“It’s bed time, sweetheart.” mom declared.
“I’ll sleep later. I am at the best part now.” replied the young boy who’s busy playing with his newly downloaded mobile game.
“It’s way past your bed time!” exclaimed mom with a slight hint of annoyance triggered by her son’s disobedience.
“But mom, I am not sleepy yet!’ the young boy protested with his gaze still glued to the iPad screen.
“Young man, you haven’t done anything all day except staring at your iPad! Turn it off and go to bed now or you’re screen-grounded for a week!” mom said sternly, giving her son the ultimatum.
The scenario depicted above is probably a peek into a modern household in this digital era. Let’s face it, that’s probably one of the numerous banes of digital technology and the very reason why Steve Jobs (the founder of Apple, one of the biggest tech companies in the world) limited how much technology his children could use at home.
The excessive use of screen-based technology has not only disrupted the social development of children and adolescents but has taken its toll on their sleep. A mounting body of evidence has pointed to the correlation between the uses of screen-based electronic devices and disturbed sleeping pattern, in the form of delayed-sleep and reduction of total sleep duration. A recent scientific review published in the November 2017 issue of the journal Pediatrics has further corroborated this finding.
While it’s fairly obvious that unrestricted daily screen time has caused sleep time to be cut short, researchers deduce that this is made worse by consuming media with psychologically-stimulating content that can induce alertness.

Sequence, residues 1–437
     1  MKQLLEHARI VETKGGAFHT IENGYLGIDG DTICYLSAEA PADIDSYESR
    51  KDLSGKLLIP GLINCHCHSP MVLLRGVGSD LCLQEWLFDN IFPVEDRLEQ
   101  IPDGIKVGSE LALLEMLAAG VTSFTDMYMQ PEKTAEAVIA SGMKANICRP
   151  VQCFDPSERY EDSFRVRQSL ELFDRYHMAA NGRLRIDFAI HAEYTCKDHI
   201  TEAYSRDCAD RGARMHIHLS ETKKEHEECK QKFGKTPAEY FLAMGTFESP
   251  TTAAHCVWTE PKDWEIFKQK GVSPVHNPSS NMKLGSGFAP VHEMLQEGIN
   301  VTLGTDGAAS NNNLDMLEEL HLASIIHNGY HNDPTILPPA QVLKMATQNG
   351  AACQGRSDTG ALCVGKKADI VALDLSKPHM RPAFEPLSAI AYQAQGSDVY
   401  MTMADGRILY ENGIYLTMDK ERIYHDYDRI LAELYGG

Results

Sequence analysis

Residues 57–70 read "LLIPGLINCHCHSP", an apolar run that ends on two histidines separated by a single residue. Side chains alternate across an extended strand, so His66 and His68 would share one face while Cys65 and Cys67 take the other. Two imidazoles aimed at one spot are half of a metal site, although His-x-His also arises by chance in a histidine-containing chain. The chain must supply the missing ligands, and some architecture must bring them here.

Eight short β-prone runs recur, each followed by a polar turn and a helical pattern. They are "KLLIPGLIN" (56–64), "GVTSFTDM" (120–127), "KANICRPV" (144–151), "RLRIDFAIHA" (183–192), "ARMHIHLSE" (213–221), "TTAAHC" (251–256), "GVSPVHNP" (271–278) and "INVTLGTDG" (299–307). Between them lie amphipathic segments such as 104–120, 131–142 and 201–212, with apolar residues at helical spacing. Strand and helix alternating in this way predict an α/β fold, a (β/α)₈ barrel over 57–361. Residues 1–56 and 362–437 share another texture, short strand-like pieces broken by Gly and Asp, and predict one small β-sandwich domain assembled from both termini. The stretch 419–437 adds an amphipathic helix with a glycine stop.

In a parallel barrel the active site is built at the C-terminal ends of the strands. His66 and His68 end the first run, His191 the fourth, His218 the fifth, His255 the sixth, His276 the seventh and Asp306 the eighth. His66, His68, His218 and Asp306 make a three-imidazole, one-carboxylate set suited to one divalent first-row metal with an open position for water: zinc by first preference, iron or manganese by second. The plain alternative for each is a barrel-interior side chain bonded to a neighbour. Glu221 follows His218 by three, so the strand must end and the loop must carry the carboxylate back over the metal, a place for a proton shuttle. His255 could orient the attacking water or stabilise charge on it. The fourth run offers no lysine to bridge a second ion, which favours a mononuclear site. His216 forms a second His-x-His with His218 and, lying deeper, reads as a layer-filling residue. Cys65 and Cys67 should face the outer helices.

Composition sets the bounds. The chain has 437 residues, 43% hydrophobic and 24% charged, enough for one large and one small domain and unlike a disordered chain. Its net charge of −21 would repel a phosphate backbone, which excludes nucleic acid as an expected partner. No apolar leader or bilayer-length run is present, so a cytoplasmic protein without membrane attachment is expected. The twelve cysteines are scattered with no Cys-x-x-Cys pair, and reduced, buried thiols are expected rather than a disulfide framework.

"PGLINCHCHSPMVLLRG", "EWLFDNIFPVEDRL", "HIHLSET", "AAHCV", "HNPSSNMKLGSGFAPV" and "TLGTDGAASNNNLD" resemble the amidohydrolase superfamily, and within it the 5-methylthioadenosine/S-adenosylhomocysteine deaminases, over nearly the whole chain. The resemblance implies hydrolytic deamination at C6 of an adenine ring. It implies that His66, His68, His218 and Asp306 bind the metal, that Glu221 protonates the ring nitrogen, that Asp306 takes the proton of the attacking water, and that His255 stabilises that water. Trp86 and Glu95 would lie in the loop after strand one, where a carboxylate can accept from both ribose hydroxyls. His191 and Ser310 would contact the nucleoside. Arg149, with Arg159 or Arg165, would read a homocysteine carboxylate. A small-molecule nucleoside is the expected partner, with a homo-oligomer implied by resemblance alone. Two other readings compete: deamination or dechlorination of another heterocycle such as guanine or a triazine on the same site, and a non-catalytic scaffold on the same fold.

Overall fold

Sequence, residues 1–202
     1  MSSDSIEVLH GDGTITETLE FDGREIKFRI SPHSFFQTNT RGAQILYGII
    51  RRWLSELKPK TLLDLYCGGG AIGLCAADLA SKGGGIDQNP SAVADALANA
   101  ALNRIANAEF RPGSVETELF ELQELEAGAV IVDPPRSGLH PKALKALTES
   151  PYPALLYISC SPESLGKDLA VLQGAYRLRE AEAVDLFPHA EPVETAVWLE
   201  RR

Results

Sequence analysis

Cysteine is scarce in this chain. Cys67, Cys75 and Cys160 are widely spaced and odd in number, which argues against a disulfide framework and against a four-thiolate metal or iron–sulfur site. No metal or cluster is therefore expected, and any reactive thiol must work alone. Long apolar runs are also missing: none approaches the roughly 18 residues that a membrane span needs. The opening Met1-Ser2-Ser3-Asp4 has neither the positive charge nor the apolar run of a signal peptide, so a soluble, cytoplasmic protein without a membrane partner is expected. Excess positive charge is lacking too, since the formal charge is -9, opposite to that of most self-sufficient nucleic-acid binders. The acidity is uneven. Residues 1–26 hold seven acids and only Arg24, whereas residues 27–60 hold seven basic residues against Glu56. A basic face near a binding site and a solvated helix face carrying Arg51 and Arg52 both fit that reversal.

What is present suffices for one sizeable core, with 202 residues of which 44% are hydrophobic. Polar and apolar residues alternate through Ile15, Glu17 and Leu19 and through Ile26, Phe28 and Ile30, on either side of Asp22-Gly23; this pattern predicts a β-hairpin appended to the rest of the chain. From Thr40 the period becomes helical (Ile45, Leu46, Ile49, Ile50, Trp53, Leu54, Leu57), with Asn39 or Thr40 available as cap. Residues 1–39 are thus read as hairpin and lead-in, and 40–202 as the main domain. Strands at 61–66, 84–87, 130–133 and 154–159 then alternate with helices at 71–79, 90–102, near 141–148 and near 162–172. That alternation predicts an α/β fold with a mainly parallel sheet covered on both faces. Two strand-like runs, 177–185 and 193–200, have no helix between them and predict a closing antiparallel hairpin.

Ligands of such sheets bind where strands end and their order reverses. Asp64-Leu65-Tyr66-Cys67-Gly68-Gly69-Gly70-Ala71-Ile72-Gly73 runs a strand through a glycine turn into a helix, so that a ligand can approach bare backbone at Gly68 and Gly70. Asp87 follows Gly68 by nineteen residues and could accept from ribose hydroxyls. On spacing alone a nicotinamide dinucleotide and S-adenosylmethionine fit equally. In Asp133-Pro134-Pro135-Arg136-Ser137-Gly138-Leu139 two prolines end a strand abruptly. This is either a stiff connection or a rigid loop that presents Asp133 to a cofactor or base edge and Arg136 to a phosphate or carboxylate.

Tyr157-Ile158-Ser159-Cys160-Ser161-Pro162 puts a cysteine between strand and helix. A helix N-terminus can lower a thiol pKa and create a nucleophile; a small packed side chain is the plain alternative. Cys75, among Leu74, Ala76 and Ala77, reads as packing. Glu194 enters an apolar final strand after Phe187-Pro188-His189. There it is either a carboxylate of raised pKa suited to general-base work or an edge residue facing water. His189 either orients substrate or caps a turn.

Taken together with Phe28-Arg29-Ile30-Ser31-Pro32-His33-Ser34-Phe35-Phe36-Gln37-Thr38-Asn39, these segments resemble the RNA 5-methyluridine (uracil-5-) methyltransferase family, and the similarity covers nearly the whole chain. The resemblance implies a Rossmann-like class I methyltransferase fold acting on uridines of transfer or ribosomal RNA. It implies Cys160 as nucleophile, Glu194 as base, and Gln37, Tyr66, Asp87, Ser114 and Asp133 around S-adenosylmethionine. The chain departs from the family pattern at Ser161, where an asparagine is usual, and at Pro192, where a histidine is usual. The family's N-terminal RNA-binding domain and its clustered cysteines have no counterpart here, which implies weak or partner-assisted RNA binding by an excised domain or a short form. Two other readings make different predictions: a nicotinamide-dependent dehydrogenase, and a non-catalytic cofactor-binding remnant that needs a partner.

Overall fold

Moreover, the use of self-luminous devices (such as smartphones, tablets and laptops) which emit short-wavelength blue light before bedtime has been shown to reduce the production of sleep-promoting hormone, melatonin which can further increase sleep onset latency. A study in 2015 suggested that adolescents may be more sensitive to this effect where a mere one hour exposure to blue light-emitting device such as a phone could suppress melatonin production by 23% whereas a two-hour screen time could cause up to 38% reduction!
With the brain and body of children and adolescents still developing, sleep skimping and circadian disruption are in fact the perfect recipes for detrimental health consequences. Some of the known health issues in the long run include impaired mental function, depression, behavioural disorders, poor vision and obesity.
In view of this, children and adolescents are advised to limit their screen time especially before bedtime. While parents should cut down their dependence on these ‘eye nannies’, they should also reduce their own obsession with the screen-based technologies in order to make time for their children. The key is to be the ‘present and attentive’ companions to your children when they are growing up*.
*An important reminder to myself!
- Monique al. (2017). Digital Media and Sleep in Childhood and Adolescence. Pediatrics 140(s2).
- Hale, L., & Guan, S. (2015). Screen Time and Sleep among School-Aged Children and Adolescents: A Systematic Literature Review. Sleep Medicine Reviews, 21, 50–58. http://doi.org/10.1016/j.smrv.2014.07.007
- Figueiro, M. & D. Overington (2015). Self-luminous devices and melatonin suppression in adolescents. Lighting Research & Technology 48(8): 966-975.